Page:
Academic journal article
By Lowery, Bennie R.; Barnes, Felicie M.
T H E Journal (Technological Horizons In Education) , Vol. 23, No. 7
Grambling University, a nearly 100-year old historically black university in the rural deep south, found itself facing changing demographics, a globalizing economy and an advancing information age. Grambling needed to find new ways to respond: import information to its students and faculty, better serve its rural business and industry, contribute to changes occurring in Louisiana and the middle south, and serve niches in national and international markets.
However, these initiatives needed to occur in a very short time span, in one of the most impoverished areas of the U.S., and in an era of dwindling state and federal resources to higher education. This article explains how Grambling is doing what seemed an impossible task--readying itself for the 21st century.
Administrators were led to examine distance education's potential to help meet Grambling's needs. Distance education practitioners apply singularly and in combination various types of media (print, audio, video, computer) and formats (satellite TV, ITFS microwave, compressed video, VSAT, e-mail, WANs, etc.).
Given the myriad of technological possibilities, distance education seemed a plausible solution. It could possibly extend the university's market base; enable it to deliver its programs to isolated populations, including rural industry; and provide faculty and students access to outside educational experiences that would transcend the university's geographical isolation.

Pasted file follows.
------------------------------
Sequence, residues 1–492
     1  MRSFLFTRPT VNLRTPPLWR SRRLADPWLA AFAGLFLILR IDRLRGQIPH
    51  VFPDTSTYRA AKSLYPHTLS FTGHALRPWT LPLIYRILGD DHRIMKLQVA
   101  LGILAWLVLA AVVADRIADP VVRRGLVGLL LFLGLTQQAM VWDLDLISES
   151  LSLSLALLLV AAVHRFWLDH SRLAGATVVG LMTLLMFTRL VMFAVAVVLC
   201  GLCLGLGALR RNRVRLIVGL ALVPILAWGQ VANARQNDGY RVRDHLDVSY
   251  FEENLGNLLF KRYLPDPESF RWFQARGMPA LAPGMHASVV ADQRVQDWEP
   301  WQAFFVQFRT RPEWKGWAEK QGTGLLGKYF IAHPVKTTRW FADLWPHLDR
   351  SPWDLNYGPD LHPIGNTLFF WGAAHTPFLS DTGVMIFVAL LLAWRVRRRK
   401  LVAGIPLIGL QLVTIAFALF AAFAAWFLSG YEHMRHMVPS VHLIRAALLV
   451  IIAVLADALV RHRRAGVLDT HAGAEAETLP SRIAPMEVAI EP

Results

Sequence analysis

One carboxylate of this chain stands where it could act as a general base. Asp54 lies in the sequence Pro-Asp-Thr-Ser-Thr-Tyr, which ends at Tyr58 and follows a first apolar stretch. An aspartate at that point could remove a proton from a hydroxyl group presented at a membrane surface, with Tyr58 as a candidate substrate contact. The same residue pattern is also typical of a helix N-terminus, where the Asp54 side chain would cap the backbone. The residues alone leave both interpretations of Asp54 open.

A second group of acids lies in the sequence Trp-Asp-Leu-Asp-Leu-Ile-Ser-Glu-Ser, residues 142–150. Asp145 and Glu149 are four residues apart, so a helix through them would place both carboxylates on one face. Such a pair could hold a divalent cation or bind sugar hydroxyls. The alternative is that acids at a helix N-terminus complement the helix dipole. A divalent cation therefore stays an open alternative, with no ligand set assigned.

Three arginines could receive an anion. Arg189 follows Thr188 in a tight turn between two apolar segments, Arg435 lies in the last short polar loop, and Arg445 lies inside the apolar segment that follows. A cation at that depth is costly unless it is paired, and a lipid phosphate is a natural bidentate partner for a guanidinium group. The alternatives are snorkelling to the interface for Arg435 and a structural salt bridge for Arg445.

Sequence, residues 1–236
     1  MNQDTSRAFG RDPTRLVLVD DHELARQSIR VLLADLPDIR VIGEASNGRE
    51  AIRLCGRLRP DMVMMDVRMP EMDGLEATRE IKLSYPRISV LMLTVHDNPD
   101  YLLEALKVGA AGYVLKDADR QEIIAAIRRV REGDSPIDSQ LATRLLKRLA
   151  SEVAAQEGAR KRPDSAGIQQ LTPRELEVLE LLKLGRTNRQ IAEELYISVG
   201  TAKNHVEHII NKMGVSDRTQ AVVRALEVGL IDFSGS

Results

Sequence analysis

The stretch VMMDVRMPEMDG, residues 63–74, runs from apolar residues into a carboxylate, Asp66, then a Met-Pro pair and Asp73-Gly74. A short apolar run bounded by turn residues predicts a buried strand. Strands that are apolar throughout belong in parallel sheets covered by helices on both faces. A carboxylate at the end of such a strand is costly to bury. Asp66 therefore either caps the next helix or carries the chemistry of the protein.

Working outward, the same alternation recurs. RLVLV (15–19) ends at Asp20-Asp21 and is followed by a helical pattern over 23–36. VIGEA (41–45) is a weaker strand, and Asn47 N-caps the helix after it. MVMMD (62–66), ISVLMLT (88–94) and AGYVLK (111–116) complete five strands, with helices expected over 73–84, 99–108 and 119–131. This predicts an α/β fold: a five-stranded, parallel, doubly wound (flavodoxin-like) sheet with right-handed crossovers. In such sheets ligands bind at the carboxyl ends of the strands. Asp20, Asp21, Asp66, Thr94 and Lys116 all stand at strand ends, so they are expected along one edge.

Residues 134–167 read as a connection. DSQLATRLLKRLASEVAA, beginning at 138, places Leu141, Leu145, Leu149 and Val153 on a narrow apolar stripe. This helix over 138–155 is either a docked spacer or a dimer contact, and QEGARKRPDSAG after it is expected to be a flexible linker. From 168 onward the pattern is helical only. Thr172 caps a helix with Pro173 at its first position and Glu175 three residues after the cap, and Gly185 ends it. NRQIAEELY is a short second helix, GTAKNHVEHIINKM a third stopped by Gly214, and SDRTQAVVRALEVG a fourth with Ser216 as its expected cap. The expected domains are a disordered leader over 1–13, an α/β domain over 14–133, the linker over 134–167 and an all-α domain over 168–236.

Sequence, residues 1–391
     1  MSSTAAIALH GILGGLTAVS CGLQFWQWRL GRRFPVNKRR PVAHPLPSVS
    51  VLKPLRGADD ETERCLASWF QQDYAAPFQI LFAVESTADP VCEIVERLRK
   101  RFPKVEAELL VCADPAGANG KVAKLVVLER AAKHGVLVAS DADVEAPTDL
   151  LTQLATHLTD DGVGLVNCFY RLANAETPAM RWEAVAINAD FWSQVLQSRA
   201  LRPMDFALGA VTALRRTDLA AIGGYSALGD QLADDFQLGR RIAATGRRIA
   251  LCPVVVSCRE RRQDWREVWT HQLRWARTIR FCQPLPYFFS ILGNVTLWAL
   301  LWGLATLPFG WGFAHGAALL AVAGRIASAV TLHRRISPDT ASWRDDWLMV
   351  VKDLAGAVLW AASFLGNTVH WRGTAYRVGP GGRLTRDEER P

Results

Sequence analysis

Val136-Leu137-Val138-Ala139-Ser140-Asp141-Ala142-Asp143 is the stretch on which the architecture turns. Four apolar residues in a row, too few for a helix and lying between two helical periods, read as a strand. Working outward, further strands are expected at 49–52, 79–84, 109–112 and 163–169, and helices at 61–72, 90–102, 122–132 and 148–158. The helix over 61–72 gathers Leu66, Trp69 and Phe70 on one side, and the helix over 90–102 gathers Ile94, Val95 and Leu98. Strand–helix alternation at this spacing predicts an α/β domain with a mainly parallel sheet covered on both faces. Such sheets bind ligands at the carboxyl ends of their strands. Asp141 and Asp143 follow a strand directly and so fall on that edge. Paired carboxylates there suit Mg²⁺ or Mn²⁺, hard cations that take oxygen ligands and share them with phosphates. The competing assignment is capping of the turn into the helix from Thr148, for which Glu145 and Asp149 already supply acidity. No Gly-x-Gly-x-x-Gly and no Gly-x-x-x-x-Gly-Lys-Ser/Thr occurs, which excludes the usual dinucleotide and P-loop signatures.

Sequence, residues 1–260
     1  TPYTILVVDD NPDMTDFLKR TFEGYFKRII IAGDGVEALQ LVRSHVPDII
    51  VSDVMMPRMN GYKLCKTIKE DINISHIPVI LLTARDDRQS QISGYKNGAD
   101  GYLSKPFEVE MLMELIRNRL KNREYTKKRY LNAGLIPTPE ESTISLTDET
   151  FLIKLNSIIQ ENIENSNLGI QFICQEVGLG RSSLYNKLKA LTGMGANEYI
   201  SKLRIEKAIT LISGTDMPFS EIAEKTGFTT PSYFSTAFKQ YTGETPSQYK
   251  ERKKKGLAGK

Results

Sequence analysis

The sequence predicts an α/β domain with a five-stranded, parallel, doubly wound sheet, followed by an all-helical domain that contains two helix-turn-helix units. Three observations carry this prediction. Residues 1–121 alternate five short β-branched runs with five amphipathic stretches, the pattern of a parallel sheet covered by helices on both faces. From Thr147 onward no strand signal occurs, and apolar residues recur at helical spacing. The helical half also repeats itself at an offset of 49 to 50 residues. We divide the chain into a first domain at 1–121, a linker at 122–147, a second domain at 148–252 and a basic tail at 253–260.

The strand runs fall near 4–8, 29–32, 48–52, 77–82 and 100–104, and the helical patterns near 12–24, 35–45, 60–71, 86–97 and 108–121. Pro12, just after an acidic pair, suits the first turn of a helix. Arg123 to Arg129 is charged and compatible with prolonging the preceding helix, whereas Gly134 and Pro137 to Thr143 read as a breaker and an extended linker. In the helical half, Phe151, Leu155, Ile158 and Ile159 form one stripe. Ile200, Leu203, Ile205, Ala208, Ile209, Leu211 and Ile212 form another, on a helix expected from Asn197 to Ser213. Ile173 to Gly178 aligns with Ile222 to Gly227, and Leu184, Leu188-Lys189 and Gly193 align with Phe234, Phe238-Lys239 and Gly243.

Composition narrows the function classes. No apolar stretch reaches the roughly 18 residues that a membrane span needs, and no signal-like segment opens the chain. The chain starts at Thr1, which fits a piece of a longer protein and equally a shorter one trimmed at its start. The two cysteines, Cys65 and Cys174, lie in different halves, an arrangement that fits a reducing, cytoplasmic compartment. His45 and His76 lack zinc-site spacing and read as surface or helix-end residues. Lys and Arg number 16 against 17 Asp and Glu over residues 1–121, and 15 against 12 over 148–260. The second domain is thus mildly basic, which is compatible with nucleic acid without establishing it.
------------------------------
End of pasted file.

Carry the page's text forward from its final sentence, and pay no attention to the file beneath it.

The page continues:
Having decided to move forward with distance education, the problems then became how to select the most appropriate mix of technologies to meet the university's diverse needs, and, perhaps more importantly, how to finance such an ambitious plan.
In 1989, Grambling had few technological resources and virtually no mechanisms to accommodate any sort of distance learning program. But, the campus visionaries had expansive aspirations and set about identifying the specifics involved in getting where they wanted to be. It was obvious that in addition to major acquisitions in physical infrastructure, the programmatic structure within the university to receive third-party programs and deliver Grambling-originated programs also needed to be addressed.
The following programmatic and administrative areas were considered crucial to the success of a distance education program at Grambling: 1) technical and support staff, 2) policies and procedures, 3) instructor and facilitator training, 4) program identification procedures and marketing processes, and 5) instructional design and development systems.
To establish a distance education program, Grambling needed a simultaneous two-pronged approach: 1) acquire the necessary equipment and facilities, and 2) implement the programmatic changes needed to make it all work.
* Partnering Builds Physical Infrastructure
For almost 90 years, researchers have reported a "no panacea" effect for each new educational technology--teaching machines, programmed instruction, educational TV, computers, and telecommunications. Not wanting to repeat mistakes of depending exclusively on one innovation, Grambling opted instead to integrate technologies to achieve an appropriate mix of distance learning approaches that could be combined to meet unique needs. To procure the necessary multitude of technological resources, an ambitious plan was developed that included aggressively going after federal and state funds; dedicating some very scarce operating funds; and finding new, creative ways to attain the technology.
Administrators knew that Grambling could not garner the necessary expertise, political clout and fiscal resources by itself. Their plan called for establishing a series of collaborative efforts that benefited both partners.
The first such partnership began in 1988 when Grambling collaborated with the Black College Satellite Network (BCSN) in writing a grant proposal under the federal Star Schools program. …